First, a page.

Intergenerational Model: Intergenerational Torah Study

Congregation Emanu-El of Westchester, Rye, NY

Model description adapted from The Express Innovation Guidebook, 2011.

What Were You Trying to Achieve with this Model?
  • To create community through “Learning and Study,” one of the three pillars outlined in the congregational vision

  • To provide Jewish role models for students

  • To promote the idea that congregants of all ages are valued members of the community

  • To enable students to see that the Torah is a living aspect of Judaism

Who are the Learners?
  • Intergenerational teams consisting of two adults, one teen, and four or five 6th or 7th grade students

  • Adults range in age, with some members in their eighties and others in their forties and fifties. Many no longer have kids in the school.

  • All parents of 6th and 7th graders are asked to participate at least one time.

  • Many of the adults participate over several years creating continuity in the model.

  • Most of the teens are in 10th-12th grade.

  • Adults and teens are both learners and learning facilitators.

Who are the Educators/Learning Facilitators?
  • The rabbi leads adults and teens with learning around Judaic content.

  • The educator leads adults and teens with learning focusing on pedagogy.

  • Adults and teens serve as learning facilitators for 6th and 7th graders.
What is the Learning? How is it Designed?
  • Teens, adults and parents meet with the rabbi to study a relevant text each month.

  • The educator meets with the teams to think about how to approach the text with the 6th and 7th graders.

  • Teams (two adults and one teen) meet for 15 minutes to decide how they will teach the text.

  • In the meantime, 6th and 7th graders read over the text in their classes.

  • Teams lead learning with 4-5 students for 35 minutes.

Where Does the Learning Happen?
  • Meetings with the rabbi take place in the synagogue library.

  • Meetings with the students take place in synagogue classrooms.

When Does the Learning Happen?
  • Once a month during Sunday school hours

  • Three times a year for the sixth grade

  • Four times a year for the seventh grade

What is Inspiring about this Model?
  • It has fulfilled a need for older congregants looking for a connection with the Temple.

  • The experience connects 6th and 7th graders to what they will be doing in their Bar/Bat Mitzvah.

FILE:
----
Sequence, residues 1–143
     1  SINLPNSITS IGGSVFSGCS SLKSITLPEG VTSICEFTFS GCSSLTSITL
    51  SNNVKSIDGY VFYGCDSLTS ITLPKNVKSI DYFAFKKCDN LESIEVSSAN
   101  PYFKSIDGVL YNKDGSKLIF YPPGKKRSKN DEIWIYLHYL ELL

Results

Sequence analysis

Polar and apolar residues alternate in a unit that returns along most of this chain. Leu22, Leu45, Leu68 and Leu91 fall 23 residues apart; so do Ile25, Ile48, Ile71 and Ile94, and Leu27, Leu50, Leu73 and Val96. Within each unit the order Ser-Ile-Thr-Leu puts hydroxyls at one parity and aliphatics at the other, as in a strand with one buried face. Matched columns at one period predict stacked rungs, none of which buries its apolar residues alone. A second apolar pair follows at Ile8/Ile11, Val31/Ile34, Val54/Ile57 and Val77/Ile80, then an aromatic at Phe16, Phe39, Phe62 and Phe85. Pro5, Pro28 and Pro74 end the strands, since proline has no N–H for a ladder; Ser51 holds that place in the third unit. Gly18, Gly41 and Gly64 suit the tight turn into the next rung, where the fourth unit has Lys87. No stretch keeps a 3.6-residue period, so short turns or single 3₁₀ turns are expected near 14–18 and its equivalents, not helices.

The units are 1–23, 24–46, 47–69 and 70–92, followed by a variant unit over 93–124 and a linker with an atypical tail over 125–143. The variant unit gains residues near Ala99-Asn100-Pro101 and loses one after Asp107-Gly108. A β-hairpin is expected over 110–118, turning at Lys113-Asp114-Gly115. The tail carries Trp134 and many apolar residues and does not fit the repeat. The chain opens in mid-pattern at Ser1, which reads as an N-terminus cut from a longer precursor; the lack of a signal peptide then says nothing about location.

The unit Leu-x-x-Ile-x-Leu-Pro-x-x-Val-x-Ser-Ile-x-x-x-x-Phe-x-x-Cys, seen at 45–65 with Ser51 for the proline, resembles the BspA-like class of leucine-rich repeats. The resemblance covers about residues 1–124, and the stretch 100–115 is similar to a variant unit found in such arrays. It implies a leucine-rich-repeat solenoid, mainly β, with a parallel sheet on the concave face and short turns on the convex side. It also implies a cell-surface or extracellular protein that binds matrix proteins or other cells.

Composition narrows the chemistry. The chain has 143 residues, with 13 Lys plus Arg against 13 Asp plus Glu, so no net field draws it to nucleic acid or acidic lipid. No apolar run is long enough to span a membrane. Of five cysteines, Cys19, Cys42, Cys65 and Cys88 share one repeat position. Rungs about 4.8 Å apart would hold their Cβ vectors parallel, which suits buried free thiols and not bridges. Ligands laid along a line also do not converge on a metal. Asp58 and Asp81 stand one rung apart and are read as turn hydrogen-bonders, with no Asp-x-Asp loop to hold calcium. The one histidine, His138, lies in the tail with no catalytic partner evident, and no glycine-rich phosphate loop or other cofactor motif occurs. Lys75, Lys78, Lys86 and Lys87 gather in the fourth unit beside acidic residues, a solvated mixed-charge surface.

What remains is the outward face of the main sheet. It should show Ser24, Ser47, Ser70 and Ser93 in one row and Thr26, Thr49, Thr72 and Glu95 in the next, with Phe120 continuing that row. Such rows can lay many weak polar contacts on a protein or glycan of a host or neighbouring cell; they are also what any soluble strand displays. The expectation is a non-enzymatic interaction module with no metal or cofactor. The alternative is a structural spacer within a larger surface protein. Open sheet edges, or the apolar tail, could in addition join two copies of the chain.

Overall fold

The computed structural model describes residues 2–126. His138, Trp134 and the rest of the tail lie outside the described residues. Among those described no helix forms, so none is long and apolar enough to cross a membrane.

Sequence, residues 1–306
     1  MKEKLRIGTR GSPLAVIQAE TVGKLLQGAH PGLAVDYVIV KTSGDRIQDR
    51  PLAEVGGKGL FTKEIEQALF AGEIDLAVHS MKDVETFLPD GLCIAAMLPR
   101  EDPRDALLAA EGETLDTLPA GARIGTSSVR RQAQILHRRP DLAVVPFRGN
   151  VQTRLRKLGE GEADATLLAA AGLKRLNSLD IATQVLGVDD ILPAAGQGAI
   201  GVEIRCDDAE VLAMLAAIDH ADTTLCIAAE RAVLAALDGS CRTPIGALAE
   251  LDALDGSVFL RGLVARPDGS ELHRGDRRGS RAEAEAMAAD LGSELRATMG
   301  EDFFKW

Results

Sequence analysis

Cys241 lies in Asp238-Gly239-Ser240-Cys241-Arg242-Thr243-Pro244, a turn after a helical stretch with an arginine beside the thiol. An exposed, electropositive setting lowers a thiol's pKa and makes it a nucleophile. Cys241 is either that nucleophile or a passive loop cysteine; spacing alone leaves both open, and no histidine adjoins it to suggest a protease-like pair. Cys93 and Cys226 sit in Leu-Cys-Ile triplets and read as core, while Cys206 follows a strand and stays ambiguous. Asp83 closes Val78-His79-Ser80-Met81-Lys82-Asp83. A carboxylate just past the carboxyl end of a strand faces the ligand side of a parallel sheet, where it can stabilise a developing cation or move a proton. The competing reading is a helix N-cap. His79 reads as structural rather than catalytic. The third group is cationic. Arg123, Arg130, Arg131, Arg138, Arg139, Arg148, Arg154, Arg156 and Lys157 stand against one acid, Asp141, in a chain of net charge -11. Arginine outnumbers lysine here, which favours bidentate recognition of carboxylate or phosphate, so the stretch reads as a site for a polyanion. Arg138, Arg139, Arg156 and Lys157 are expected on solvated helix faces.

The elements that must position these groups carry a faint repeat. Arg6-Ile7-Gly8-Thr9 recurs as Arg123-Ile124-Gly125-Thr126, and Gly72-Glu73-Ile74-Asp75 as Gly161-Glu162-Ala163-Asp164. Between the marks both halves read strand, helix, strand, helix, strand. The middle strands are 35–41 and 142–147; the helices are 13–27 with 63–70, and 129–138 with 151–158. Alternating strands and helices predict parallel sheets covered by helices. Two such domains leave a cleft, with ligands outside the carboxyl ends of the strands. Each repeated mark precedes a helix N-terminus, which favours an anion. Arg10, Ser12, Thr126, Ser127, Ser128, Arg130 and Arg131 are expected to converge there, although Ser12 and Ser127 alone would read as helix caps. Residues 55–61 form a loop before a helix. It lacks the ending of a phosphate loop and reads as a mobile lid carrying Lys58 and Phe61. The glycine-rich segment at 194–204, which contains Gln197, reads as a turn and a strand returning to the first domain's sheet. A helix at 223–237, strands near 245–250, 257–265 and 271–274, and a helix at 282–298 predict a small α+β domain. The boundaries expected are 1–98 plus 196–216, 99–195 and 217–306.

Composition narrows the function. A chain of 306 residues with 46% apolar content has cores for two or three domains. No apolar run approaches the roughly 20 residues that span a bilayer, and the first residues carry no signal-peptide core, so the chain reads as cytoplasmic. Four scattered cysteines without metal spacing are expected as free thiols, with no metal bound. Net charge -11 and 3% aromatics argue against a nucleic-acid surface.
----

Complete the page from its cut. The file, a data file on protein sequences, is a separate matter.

• It provides additional opportunity for teen engagement beyond being a teaching assistant on Sunday mornings.

  • It builds connections across the generations in the congregation.

  • As the students and adults engage in study together, each brings their own experience to the process. They create connections to one another and to the texts.

Key First Steps and Recruitment Plan:
  • The president of the congregation spoke about the model on the High Holidays.

  • Personal contact was made with potential volunteers.

  • A calendar was set early on and shared with volunteers.
Role of Governance and Clergy:
  • This model was originally created in partnership with lay people.

  • The lay team remains involved in the assessment of the model from year to year.

Given the volunteer nature of the model, the congregation incurs almost no additional cost.

Additional Notes:
  • Commitment of time on the part of the rabbi and the educator to prepare teams to work with students.

  • Commitment of time on the part of adults and teens to work with the students.

  • Grant (LOMED) funds were used this year to bring in an Educational Resource Provider to work with the teams.

  • Adult volunteers and teens can participate in the model without advance preparation. They study the text, decide how to focus the learning, and then meet with the students.
How Do You Describe Your Congregation?

Congregation Emanu-El of Westchester is a Reform Congregation with approximately 330 family membership units. There is a rabbi, cantor, education director, and director of youth activities.


Related Resources

This model provides children with the opportunity to create relationships with teens and/or older adults who can serve as Jewish role models. See our list of Intergenerational Learning Models and their detailed descriptions.

Related networks

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